Basic Guide to Party Leadership in Congress

Party leadership is responsible for bringing efficiency and order to the legislative body. Party leaders have partisan and institutional functions. The responsibility of the majority leadership is to set the agenda as well as determine legislative priorities and political strategies, assess support for legislation, schedule measures for floor action and round up votes for the passage of legislation. The minority leadership is responsible for devising strategies for the purpose of upsetting the majority’s plans.

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The position of Speaker of the House is provided for in Article I, Section 2 of the Constitution. This is the most senior officer of the House and also the third most senior official in the federal government. The Speaker presides over the House and also refers measures to committees. Other responsibilities include making rulings on points of order and setting the agenda. Additionally, the Speaker has priority for recognition on the floor. This position is elected by a majority vote of the House. Candidates may be nominated by their respective party caucus.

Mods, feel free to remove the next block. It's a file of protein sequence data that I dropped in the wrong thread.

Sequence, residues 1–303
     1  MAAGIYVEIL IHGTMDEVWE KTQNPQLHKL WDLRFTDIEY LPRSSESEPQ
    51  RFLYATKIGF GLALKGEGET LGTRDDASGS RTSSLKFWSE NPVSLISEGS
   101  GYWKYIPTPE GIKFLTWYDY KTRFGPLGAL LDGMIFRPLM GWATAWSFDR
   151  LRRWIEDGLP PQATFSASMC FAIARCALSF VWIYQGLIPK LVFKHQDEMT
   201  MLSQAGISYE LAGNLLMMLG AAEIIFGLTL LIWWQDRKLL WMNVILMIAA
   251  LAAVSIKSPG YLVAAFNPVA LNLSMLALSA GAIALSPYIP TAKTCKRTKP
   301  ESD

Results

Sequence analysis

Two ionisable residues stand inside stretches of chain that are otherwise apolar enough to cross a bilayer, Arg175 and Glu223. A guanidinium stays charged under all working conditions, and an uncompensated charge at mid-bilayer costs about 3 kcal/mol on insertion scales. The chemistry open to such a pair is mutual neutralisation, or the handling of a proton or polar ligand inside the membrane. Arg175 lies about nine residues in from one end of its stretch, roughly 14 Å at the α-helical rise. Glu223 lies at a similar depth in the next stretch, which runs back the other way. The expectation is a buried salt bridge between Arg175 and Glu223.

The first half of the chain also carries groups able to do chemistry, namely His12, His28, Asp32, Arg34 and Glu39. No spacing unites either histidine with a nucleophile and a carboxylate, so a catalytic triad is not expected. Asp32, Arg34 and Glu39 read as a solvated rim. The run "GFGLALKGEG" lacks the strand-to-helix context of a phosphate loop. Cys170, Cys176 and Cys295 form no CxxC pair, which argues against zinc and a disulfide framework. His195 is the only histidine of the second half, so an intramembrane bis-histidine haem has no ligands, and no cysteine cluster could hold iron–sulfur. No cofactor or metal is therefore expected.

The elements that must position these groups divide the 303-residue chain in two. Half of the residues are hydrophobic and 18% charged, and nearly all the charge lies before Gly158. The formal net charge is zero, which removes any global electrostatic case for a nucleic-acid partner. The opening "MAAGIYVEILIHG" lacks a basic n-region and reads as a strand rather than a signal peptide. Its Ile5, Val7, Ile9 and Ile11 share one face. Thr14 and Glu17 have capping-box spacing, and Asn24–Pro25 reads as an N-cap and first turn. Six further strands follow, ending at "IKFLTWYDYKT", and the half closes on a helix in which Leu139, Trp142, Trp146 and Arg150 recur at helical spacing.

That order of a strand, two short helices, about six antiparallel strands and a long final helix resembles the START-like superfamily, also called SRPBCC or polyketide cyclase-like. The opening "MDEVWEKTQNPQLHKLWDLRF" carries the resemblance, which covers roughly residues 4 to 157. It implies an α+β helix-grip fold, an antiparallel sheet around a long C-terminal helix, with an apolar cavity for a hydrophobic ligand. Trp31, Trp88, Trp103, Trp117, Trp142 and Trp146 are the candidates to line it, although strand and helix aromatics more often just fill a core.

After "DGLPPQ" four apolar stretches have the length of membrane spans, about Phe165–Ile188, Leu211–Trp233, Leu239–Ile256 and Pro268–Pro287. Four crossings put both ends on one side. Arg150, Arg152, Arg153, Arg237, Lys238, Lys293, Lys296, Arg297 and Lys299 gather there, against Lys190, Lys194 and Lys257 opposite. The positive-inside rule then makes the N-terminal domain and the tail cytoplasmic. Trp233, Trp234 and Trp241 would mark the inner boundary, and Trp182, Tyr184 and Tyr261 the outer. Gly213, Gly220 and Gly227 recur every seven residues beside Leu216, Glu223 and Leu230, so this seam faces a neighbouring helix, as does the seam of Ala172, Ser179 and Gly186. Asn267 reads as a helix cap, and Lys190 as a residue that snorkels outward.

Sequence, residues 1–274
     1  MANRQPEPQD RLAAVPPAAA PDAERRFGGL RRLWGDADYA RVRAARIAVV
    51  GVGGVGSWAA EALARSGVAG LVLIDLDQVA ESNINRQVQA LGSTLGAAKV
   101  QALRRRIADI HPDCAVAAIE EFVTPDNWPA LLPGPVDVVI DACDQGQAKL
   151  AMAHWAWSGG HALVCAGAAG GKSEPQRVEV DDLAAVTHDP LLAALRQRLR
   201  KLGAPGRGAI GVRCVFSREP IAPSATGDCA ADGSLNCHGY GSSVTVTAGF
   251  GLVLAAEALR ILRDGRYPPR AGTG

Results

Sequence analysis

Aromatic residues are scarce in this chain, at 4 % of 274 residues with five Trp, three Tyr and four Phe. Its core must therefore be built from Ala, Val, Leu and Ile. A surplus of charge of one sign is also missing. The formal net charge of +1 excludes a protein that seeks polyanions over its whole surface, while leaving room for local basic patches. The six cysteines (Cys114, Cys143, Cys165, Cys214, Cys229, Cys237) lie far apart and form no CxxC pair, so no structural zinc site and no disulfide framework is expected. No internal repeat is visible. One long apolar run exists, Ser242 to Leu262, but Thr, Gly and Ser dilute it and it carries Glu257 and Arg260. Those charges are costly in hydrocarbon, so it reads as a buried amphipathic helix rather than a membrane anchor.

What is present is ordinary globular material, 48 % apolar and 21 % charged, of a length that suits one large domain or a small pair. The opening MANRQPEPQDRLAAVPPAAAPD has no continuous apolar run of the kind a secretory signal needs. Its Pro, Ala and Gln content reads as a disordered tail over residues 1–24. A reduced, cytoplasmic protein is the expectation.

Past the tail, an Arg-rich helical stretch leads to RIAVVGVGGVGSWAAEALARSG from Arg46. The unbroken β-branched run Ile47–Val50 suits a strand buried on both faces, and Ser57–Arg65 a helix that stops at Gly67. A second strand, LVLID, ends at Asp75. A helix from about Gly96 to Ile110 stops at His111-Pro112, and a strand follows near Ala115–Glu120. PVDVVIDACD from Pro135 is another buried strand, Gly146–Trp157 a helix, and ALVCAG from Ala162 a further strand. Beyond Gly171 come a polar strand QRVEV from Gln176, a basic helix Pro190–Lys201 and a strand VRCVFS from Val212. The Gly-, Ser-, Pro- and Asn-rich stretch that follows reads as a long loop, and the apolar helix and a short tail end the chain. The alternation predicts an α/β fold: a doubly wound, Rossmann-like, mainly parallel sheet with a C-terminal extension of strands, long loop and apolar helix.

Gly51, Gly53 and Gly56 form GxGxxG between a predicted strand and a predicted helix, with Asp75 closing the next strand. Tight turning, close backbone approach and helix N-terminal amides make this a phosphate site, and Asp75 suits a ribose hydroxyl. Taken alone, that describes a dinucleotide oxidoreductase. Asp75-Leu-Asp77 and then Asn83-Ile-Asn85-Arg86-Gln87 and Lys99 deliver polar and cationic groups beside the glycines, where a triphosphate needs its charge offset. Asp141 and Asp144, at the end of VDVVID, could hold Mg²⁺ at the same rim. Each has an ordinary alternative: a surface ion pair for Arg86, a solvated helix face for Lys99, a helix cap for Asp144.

Congressional Leadership and Committees
Congressional Leadership and Committees

The second most senior official in the House is the majority leader. This is the person who is responsible for the day to day management of business on the floor. The majority leader is elected by the majority party caucus and is responsible for building and managing their party’s consensus on legislation.

The job of the majority whip is to persuade members to support the position of his or her party. The majority whip is responsible for measuring and rounding up support for party positions. There are also numerous assistant whips that work with the majority whip. This network of assistant whips can include chief deputy whips, regional whips and even class whips. The majority whip is elected by the majority party caucus.


Congressional Leadership: Crash Course Government and Politics #8


The minority leader is the senior official for the minority party and is responsible for working within the party to set a message, agenda and strategy. They may also appoint minority party members to commissions and task forces. The minority leader is elected by the minority party caucus.

The minority whip is responsible for persuading members to support their party’s position. They also count votes. A network of assistant whips also work with the minority whip.

To learn more, see for a listing of the current congressional leadership.






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